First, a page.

ning this view of Spanish events was chal- thing like the attention it deserves.

58 The New Criterion September Z001

-- - r----*-
The historiographical earthquake by Mark Fakoff

in a survey of several recent monographs vastly undercutting the long-standing argu-

(The Times Literary Supplement, June 29), in ments of generations of apologists for Sta-
recent years the main thrust of Civil War lin, the Comintern, the Spanish Communist
historiography in Spain has shifted to doc- party, and the republic's final prime minis-
umenting the horrors of the Franco regime, ter, Dr. Juan Negrfn.
both during and after the war.' This serves a
number of useful purposes, the most im- Prior to the outbreak of the war, the
portant of which is to divert attention from Spanish Communist party was the smallest
the troubling questions that persist con- and least significant of the left-wing political
cerning the republic itself groupings in Spain. In spite of nearly two
Alas for Preston and the Spanish histori- decades of patient effort, the party had
ans of whom he happens to approve, these failed to make significant inroads in the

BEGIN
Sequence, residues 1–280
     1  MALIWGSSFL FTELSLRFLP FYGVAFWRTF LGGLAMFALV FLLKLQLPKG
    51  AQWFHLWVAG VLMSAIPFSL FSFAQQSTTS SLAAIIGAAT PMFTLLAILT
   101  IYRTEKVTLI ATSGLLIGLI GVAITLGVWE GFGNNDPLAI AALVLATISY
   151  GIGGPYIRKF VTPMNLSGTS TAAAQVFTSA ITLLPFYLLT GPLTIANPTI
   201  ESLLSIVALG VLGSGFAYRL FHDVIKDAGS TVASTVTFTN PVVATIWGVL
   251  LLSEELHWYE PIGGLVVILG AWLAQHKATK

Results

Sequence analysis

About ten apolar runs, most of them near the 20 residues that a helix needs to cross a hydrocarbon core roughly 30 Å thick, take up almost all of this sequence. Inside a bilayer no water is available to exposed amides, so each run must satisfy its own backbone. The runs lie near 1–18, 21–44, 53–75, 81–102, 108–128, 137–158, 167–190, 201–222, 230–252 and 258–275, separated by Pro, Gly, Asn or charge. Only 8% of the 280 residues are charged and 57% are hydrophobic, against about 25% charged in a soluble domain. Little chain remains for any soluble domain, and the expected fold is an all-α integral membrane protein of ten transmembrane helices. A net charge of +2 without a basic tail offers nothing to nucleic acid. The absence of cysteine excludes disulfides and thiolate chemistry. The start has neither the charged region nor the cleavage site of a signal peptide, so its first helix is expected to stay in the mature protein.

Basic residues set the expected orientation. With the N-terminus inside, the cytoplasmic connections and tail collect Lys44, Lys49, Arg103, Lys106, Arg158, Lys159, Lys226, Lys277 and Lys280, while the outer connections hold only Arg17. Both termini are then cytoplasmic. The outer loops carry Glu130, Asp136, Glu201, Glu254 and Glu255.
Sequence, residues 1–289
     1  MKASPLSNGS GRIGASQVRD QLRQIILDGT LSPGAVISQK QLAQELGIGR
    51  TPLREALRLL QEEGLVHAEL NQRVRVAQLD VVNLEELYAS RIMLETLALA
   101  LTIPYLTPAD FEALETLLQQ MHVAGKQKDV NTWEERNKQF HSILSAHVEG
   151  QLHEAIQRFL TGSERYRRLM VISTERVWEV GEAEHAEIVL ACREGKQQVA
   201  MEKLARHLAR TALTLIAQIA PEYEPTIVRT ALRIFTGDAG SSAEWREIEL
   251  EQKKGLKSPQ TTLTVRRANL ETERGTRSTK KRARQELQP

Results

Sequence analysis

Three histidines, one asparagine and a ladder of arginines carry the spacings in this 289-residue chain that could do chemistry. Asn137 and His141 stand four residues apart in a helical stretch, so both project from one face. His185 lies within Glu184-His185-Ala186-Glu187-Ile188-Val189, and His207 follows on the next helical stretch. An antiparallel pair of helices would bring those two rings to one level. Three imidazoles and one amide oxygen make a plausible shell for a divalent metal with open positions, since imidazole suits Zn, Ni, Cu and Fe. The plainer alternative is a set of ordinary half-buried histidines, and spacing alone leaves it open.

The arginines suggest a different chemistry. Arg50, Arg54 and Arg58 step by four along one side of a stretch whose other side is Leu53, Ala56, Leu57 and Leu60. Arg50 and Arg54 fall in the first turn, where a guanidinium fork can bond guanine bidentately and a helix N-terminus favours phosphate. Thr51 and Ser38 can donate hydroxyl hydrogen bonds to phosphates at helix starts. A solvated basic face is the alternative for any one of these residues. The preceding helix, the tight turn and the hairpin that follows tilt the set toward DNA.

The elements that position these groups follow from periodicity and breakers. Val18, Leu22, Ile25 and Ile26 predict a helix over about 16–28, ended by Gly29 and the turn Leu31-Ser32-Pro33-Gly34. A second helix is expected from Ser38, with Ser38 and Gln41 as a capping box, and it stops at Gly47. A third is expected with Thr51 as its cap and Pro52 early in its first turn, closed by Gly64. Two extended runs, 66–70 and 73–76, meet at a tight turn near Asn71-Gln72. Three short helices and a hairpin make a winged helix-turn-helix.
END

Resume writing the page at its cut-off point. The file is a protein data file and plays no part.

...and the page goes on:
issues will not go away. After the demise of hold exercised by the socialists and the an-
the Soviet Union, in 1991 and 1992, its archists, particularly over the two groups
military archives, as well as those of the most likely to support a social revolution in
Communist International, were suddenly Spain-the urban workers and the landless
made available to Western researchers. For peasantrv. Indeed, as late as 1936 Madrid did
some years now the Yale University Press has not even maintain diplomatic relations with
been publishing selections from this un- the Soviet Union! Three years later, how-
precedented source in its Annals of Com- ever, Moscow was in virtual control of the
munism series, much to the discomfiture of Spanish government and was well advanced
some extremely well-placed members of the in its plans to convert the country into a
American and British historical professions. precursor of the "peoples' democracies" that
Now comes Ronald Radosh, assisted by two sprang up in Eastern Europe under Red
scholar-archivists, to reveal what light such Army protection after I945.
materials shed on Spanish events.: How did this remarkable turn of events
The task itself was daunting, since it re- come to pass? Conventional wisdom has it
quired the translation and careful perusal of that the rise of Communist influence in
hundreds of documents in several lang- Spain was the product of Stalin's decision to
uages. This volume includes some eighty- provision the embattled republic with arms,
one of them, together with a running com- particularly after Hitler and Mussolini
mentary and notes. Some are very long; poured arms and "volunteers" into the in-
others are tedious in the recitation of their surgent side. On the face of it, the proposi-